An Imperial President

David Moberg

Even before his confirmation hearings for the Supreme Court, it was clear that Judge Samuel Alito believed in the obscure doctrine of the unitary executive.” After the hearings, we still don’t know exactly what Alito thinks about the limits, if any, of presidential power. But in the Bush era, few issues are more important.

Ironically, as the United States justifies the aggressive use of force around the world in the name of "freedom" and "the rule of law," both are increasingly in danger here.

The doctrine of the unitary executive – that is, an executive branch under the control of the president alone – is not clearly established by either the Constitution or historical precedent. For some observers it means, relatively uncontroversially, that the president should have supervisory authority over members of the executive. For others, it means that Congress can’t establish agencies, like the Securities and Exchange Commission that are independent of the president. But it could also mean that, acting as commander-in-chief and exercising war powers, the president can do almost anything he deems necessary, and neither the courts nor Congress can intervene. 

It’s this latter, dangerous view that Bush appears to hold. Of the Supreme Court justices, Clarence Thomas has taken the most radical stance, supporting the government’s right to detain even American citizens as enemy combatants without charges. Thomas’ public views still fall short of the arguments made by John Yoo, former deputy assistant attorney general in Bush’s Office of Legal Counsel, who defends the president’s right to order torture if he deems it necessary for national security.

Bush’s claims to unchecked power have grown as the legitimacy of his policies has collapsed. In response to legislation prohibiting torture sponsored by Sen. John McCain, Bush claimed to be exempt, even as he signed the law. When leakers revealed that the National Security Administration had been spying on thousands of Americans, without judicial warrants and in knowing violation of the Foreign Intelligence and Surveillance Act, Bush defended his lawbreaking.

The challenge to law and democracy posed by the Bush administration’s actions is especially dangerous because Bush’s claim to war powers and the impunity of the unitary executive lies on two deeply flawed grounds. First, he claims to be commander-in-chief of an endless war on terror” that bears no relation to any previous war. And he asserts his power as commander of an undeclared war in Iraq that was sold on the basis of deliberate lies.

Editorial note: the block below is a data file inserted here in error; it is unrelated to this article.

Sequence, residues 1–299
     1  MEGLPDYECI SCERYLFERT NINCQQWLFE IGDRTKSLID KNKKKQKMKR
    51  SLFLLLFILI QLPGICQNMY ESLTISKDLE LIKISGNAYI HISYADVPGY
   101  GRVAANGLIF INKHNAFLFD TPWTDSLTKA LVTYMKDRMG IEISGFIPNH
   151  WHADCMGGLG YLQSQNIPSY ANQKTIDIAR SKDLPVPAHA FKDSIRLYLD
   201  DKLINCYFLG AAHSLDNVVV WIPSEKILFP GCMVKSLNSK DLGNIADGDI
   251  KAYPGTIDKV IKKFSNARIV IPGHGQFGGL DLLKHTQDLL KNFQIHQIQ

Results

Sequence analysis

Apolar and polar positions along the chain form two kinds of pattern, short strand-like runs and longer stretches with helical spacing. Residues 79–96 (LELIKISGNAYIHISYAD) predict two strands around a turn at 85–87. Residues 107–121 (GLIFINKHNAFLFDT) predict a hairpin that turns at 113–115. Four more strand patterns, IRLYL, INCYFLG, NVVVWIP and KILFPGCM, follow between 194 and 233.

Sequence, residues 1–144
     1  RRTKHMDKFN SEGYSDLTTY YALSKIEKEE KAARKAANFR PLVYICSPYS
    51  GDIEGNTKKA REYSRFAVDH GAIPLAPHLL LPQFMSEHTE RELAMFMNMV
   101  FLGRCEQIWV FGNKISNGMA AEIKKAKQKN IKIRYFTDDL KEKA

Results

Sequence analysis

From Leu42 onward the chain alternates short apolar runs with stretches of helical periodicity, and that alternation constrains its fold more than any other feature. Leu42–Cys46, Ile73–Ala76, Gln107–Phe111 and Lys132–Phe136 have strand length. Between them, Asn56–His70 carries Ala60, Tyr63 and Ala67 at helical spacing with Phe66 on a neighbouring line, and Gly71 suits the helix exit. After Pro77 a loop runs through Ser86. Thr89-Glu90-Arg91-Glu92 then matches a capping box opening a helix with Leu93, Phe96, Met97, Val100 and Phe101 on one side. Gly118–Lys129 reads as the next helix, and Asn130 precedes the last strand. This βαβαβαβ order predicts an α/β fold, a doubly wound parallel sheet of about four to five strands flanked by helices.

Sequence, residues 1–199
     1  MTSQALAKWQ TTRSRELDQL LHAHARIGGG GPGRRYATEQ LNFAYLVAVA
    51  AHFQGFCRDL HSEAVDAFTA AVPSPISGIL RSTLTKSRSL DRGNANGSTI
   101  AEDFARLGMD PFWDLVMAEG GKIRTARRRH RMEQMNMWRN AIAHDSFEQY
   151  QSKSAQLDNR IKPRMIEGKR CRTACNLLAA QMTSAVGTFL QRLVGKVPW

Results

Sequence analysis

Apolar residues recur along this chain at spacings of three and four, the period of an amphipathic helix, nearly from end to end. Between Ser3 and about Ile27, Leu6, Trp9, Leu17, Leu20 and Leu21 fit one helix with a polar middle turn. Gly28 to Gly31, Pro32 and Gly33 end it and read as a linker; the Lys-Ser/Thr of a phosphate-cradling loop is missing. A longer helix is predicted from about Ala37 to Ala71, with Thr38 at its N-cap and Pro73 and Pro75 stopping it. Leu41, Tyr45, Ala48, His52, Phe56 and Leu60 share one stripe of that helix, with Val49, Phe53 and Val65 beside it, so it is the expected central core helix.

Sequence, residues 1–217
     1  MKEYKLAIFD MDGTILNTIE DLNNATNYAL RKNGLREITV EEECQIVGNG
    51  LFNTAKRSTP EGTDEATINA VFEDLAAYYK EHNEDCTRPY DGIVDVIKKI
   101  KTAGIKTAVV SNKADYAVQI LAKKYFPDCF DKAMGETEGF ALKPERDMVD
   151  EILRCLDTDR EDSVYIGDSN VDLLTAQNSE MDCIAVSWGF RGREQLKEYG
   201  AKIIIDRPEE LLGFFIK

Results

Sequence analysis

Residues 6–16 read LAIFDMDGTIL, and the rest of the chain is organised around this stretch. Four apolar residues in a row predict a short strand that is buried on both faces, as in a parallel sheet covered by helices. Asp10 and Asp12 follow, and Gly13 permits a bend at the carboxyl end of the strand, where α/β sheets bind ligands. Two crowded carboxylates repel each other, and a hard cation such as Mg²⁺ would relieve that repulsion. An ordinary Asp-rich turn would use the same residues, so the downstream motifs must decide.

Previous presidents have abused power in wartime and lied to promote war. But Al Gore was right in his fiery address on Martin Luther King’s birthday that the threat is much greater under Bush, because of the embrace of the unitary executive theory by both his administration and probably – with Alito’s likely confirmation – by at least four members of the Supreme Court. 

Ironically, as the United States justifies the aggressive use of force around the world in the name of freedom” and the rule of law,” both are increasingly in danger here. The threat of an imperial presidency, which has reached its highest level under Bush, is a corollary of an imperialist foreign policy that threatens both Americans and the rest of the world.

While Bush’s transgressions may be impeachable offenses, impeachment is ultimately as much a political as a legal process, and politically, it is impossible now. It makes more sense to relentlessly focus public attention and political organizing on this administration’s violations of law, as Gore did, and work to elect legislators who will challenge the administration. Already, some polls show a slim majority of the public thinks that Bush should be impeached if he lied to the American people. But it may be counterproductive to push impeachment until the political capacity exists to make it not merely a rhetorical sword but a real defense against an imperial, deceitful presidency that is a growing cancer on the nation.

David Moberg, a senior editor of In These Times, has been on the staff of the magazine since it began publishing in 1976. Before joining In These Times, he completed his work for a Ph.D. in anthropology at the University of Chicago and worked for Newsweek. He has received fellowships from the John D. and Catherine T. MacArthur Foundation and the Nation Institute for research on the new global economy.

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